I want to start creating a simple multiplayer, JavaScript based, cross-platform game. Think about it as a two player mario where players can shoot each other.

My question is what is the best way (or at least a feasible way) to implement multiplayer into the game. I was thinking about:

  • Running the game on the both clients, from which one of them is considered to be the server and the other is playing catch-up.
  • Using my web server only to establish the connection between the two clients (and forward requests between them, I think this is easier then trying to use some RTC peer-to-peer protocol).

I have never done any multiplayer game, so I do not know if this method is good. One flaw in the design is that the game becomes very hackable (as the one that is considered to be the server has control over all the legal move validations done).

So, my question is if, using this method, a playable multiplayer game can be implemented, where if one player clicks the "shoot" button pointing in a specific direction the other player would receive this data in a period of time short enough so that he can react to it. If not, what is another reliable way to create a JavaScript, cross-platform (web, mobile) game?

If I were to also run an instance of the game on the server for each duel betwen two clients I think the servers would be over-loaded very easily, so I don't consider this a solution.

PS: About the hackable part. Do you think it can be reduced if I can somehow implement checkings on both clients?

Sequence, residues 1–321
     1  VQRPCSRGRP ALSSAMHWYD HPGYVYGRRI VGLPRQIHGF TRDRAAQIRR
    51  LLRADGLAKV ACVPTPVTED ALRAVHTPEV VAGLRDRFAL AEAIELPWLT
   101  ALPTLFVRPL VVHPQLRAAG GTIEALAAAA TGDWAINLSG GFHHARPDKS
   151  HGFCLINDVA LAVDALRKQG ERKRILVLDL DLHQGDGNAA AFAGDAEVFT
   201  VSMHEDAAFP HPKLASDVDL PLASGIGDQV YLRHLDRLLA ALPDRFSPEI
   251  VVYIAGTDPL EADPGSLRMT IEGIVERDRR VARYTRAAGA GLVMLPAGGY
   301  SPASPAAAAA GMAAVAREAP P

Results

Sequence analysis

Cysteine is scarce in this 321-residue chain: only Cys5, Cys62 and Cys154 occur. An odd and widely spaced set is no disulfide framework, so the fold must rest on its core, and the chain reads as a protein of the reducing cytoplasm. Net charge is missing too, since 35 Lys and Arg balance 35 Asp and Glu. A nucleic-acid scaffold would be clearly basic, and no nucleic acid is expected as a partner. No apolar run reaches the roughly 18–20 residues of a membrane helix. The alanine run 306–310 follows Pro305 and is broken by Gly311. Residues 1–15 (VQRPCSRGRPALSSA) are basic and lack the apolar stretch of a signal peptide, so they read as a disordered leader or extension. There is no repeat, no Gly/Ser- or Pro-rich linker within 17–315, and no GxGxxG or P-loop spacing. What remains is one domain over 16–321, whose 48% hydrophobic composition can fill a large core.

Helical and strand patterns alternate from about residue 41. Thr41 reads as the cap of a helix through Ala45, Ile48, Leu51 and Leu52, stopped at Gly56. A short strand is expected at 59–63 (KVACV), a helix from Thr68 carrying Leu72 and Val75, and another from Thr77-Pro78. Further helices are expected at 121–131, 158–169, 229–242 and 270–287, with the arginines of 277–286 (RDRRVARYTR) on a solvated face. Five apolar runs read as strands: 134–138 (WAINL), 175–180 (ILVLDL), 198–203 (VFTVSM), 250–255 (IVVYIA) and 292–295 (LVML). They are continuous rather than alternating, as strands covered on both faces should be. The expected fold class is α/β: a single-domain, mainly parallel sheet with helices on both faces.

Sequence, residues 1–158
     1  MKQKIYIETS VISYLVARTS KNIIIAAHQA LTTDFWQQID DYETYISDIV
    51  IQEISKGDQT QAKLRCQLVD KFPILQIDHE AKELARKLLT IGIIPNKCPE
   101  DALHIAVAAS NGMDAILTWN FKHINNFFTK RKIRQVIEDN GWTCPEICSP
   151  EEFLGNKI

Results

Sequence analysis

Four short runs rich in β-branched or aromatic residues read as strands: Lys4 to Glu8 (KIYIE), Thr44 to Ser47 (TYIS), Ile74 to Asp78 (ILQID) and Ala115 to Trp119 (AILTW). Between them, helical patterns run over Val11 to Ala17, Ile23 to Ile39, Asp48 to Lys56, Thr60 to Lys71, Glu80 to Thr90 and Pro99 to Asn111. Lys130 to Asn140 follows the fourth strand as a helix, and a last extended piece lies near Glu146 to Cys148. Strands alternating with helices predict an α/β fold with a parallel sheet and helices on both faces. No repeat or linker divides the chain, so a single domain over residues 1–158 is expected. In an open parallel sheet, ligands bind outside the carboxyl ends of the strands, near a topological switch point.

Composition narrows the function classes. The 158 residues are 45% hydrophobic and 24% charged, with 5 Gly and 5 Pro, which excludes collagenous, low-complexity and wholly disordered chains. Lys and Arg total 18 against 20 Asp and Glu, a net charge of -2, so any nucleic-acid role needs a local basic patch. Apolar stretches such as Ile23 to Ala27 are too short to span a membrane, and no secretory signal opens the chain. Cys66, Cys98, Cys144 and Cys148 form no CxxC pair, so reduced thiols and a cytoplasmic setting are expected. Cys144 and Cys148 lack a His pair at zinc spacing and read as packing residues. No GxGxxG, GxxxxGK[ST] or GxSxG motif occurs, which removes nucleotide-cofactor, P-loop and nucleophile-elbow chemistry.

PS2: When I say multiplayer I mean over the internet, not a local ad-hoc multiplayer for mobile devices.


When you say "Javascript" you certainly mean "running in the web browser". In that case, peer-to-peer networking isn't possible because there is no browser-independent standard for this.

But what you can do is having a server. One technology which is quite well-suited for real-time games are websockets. You can prevent most kinds of cheating by having an authoritative server which implements all game mechanics and sends the clients the results.

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  • \$\begingroup\$ Yes, I know about websockets, I played with them a bit. P2P in browser is supported via webRTC, which unfortunately will not work very well on mobile platforms, as very few support it. As I said, my multiplayer game will only be a two player multiplayer game, so running the game on the server means that I will have to run the game for each and every player duel, which will require a hell of a server. I was looking for a better architecture solution. \$\endgroup\$ – Cristy Jan 24 '15 at 16:22
  • \$\begingroup\$ My final goal would be creating a two player multiplayer game for desktop browser and then simply using CocoonJS or PhoneGap to bring it to mobile devices. So, I also want to know if this transition will rise any problems (when talking about the multiplayer part) ? \$\endgroup\$ – Cristy Jan 24 '15 at 16:27
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    \$\begingroup\$ @Christy how much it will burden your hardware depends on implementation details. But I made the experience that most games don't scale linearly but quadratically with the number of players which interact in the same area, so having 50 matches with two players each the same time can be less resource-intense than 100 players in one match. \$\endgroup\$ – Philipp Jan 24 '15 at 16:28
  • \$\begingroup\$ I also posted this question here (even though there are other similar questions) because I want the answer to directly relate to JavaScript capabilities. \$\endgroup\$ – Cristy Jan 24 '15 at 16:30

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